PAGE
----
Monday, September 3, 2012

SQL Server Transactions

Transactions can be really important when we are working with databases. For example let’s say you need to execute two or more SQL commands sequentially and if any statement fails, all other statements should not be executed. To achieve this, we can use Transactions.

Mainly transactions has these four properties which are abbreviated as ACID.
  1. Atomic
    • Atomic means that all the work in the transaction is treated as a single unit. That is either all statements in the unit must execute, or no statement in the unit must execute.
  2. Consistent
    • Consistent means that a completed or roll backed transaction leaves the database in a consistent internal state. A transaction will convert the database from a known starting state to a known ending state. If the transaction commits, the database will be at the known ending state. If the transaction fails, the database will be at the known starting state.
  3. Isolated
    • Isolations means that the transaction sees the database in a consistent state. If two transactions try to update the same table, one will go first and then the other will follow. Transactions are committed independently from each other and they are transparent to each other.
  4. Durability
    • Durability means that the results of the transaction are permanently stored in the system and ensures that the result or effect of a committed transaction persists in case of a system failure.
There are couple of transaction types.
  1. Autocommit Transactions
    • Autocommit mode is the default transaction management mode of the SQL Server Database Engine. Every Transact-SQL statement is committed or rolled back when it completes. If a statement completes successfully, it is committed; if it encounters any error, it is rolled back.
    • But here there is something to note. That is sometimes Database Engine has rolled back an entire batch instead of just one SQL statement. This happens if the error encountered is a compile error, not a run-time error. A compile error prevents the Database Engine from building an execution plan, so nothing in the batch is executed. Let’s the following examples.
    • In this example, there is a compile time error in the third line. So the error prevented anything in the batch from being executed.
      INSERT INTO TestTable VALUES (1, 'aaa');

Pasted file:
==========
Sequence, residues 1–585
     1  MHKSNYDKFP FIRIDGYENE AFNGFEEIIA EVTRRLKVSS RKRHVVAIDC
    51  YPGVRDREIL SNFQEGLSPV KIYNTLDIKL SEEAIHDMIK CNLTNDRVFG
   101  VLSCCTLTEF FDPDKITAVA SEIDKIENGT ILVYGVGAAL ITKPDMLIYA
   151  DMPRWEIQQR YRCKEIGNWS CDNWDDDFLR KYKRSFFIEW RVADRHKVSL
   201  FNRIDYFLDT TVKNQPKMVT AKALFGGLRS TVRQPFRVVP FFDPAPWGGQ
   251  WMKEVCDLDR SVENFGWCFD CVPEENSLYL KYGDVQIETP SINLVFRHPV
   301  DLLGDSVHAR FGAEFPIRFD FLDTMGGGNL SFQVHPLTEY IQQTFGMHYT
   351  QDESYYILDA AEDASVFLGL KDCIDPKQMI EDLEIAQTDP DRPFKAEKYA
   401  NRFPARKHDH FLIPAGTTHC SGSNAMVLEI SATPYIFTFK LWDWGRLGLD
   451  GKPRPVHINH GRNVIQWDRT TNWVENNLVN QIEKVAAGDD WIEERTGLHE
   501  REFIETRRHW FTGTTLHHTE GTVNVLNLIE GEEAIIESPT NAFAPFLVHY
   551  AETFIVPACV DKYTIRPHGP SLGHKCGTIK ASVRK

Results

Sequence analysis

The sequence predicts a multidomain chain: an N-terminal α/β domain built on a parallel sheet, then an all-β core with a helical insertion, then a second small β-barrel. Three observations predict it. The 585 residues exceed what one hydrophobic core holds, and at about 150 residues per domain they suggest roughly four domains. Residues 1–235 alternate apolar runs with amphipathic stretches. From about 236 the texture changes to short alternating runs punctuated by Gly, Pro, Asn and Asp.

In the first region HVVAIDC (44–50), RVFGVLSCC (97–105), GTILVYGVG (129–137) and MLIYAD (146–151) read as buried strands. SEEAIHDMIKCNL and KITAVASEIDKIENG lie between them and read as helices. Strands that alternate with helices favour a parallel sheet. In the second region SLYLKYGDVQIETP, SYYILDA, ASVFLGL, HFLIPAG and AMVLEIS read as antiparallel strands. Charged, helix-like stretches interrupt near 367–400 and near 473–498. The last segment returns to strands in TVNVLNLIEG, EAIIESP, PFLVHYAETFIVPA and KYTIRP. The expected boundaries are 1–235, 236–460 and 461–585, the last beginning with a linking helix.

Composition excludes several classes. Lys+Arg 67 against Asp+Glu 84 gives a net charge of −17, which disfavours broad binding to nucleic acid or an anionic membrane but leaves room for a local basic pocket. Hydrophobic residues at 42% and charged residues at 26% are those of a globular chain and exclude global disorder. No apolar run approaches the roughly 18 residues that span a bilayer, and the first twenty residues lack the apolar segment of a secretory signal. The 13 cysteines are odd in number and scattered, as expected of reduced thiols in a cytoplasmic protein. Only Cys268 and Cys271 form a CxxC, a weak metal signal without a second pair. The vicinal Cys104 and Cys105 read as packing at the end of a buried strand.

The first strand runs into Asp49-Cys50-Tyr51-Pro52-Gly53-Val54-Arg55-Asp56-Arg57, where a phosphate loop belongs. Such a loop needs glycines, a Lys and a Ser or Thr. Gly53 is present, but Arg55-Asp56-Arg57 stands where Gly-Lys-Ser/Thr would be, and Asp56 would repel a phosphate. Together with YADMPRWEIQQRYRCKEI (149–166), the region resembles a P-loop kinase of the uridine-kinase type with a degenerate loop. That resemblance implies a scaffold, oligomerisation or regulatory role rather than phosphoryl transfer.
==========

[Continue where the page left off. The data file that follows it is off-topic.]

INSERT INTO TestTable VALUES (2, 'bbb');

      INSERT INTO TestTable VALUSE (3, 'ccc');  -- Syntax error. 

      SELECT * FROM TestTable ;  -- Returns no rows.
    • In this example, there is a run time duplicate primary key error in he third line. The first two INSERT statements are successful and committed, so they remain after the run-time error.
      INSERT INTO TestTable VALUES (1, 'aaa');

      INSERT INTO TestTable VALUES (2, 'bbb');

      INSERT INTO TestTable VALUES (1, 'ccc');  -- Duplicate key error.

      SELECT * FROM TestTable -- Returns rows 1 and 2.
  2. Explicit Transactions
    • An explicit transaction is one in which you explicitly define both the start and end of the transaction. DB-Library applications and Transact-SQL scripts use the BEGIN TRANSACTION, COMMIT TRANSACTION, COMMIT WORK, ROLLBACK TRANSACTION, or ROLLBACK WORK Transact-SQL statements to define explicit transactions.
        Marks the starting point of an explicit transaction for a connection.
        Used to end a transaction successfully if no errors were encountered. All data modifications made in the transaction become a permanent part of the database. Resources held by the transaction are freed.
        Used to erase a transaction in which errors are encountered. All data modified by the transaction is returned to the starting state which it was in at the start of the transaction. Resources held by the transaction are freed.
  3. Implicit Transactions
    • When a connection is operating in implicit transaction mode, the instance of the SQL Server Database Engine automatically starts a new transaction after the current transaction is committed or rolled back. If there is an INSERT statement running as an Implicit Transaction, then a separate transaction is created for that. If it was an explicit transaction, several INSERTs would be wrapped together in one transaction. Also for an Implicit Transaction, SQL Server needs to write the transaction log to disk every time . The session running the Implicit Transaction will remain open until a COMMIT/ROLLBACK transaction command is issued.
  4. Distributed Transactions
    • At times you might have to execute transactions that span more than one server. These transactions can only be executed if all servers involved have MS Distributed Transaction Coordinator (MS DTC) installed and running. Distributed transactions are also very difficult to debug, so use them sparingly.
Hope this helps.

Happy Coding.


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